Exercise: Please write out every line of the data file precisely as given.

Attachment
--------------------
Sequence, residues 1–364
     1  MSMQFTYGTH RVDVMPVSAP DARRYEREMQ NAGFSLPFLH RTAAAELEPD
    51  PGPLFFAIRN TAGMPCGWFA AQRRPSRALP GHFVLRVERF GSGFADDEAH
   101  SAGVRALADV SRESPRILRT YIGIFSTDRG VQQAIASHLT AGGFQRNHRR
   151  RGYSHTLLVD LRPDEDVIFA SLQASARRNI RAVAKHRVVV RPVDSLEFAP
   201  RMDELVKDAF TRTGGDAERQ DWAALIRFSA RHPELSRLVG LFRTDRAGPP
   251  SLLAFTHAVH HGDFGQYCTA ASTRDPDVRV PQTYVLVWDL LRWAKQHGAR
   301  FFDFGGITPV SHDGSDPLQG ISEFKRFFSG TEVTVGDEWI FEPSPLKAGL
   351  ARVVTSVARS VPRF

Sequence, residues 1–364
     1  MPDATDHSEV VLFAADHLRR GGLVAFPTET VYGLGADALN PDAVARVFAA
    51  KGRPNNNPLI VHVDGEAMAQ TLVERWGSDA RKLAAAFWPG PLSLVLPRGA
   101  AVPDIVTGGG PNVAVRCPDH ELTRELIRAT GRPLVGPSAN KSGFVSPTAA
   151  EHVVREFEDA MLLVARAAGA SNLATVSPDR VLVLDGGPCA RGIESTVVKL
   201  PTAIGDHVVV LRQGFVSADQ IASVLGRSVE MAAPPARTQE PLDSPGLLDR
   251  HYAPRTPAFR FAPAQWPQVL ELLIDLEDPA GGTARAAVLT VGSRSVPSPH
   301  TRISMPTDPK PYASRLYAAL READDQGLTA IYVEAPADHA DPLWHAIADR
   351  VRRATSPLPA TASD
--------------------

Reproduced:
Sequence, residues 1–364
     1  MSMQFTYGTH RVDVMPVSAP DARRYEREMQ NAGFSLPFLH RTAAAELEPD
    51  PGPLFFAIRN TAGMPCGWFA AQRRPSRALP GHFVLRVERF GSGFADDEAH
   101  SAGVRALADV SRESPRILRT YIGIFSTDRG VQQAIASHLT AGGFQRNHRR
   151  RGYSHTLLVD LRPDEDVIFA SLQASARRNI RAVAKHRVVV RPVDSLEFAP
   201  RMDELVKDAF TRTGGDAERQ DWAALIRFSA RHPELSRLVG LFRTDRAGPP
   251  SLLAFTHAVH HGDFGQYCTA ASTRDPDVRV PQTYVLVWDL LRWAKQHGAR
   301  FFDFGGITPV SHDGSDPLQG ISEFKRFFSG TEVTVGDEWI FEPSPLKAGL
   351  ARVVTSVARS VPRF

Sequence, residues 1–364
     1  MPDATDHSEV VLFAADHLRR GGLVAFPTET VYGLGADALN PDAVARVFAA
    51  KGRPNNNPLI VHVDGEAMAQ TLVERWGSDA RKLAAAFWPG PLSLVLPRGA
   101  AVPDIVTGGG PNVAVRCPDH ELTRELIRAT GRPLVGPSAN KSGFVSPTAA
   151  EHVVREFEDA MLLVARAAGA SNLATVSPDR VLVLDGGPCA RGIESTVVKL
   201  PTAIGDHVVV LRQGFVSADQ IASVLGRSVE MAAPPARTQE PLDSPGLLDR
   251  HYAPRTPAFR FAPAQWPQVL ELLIDLEDPA GGTARAAVLT VGSRSVPSPH
   301  TRISMPTDPK PYASRLYAAL READDQGLTA IYVEAPADHA DPLWHAIADR
   351  VRRATSPLPA TASD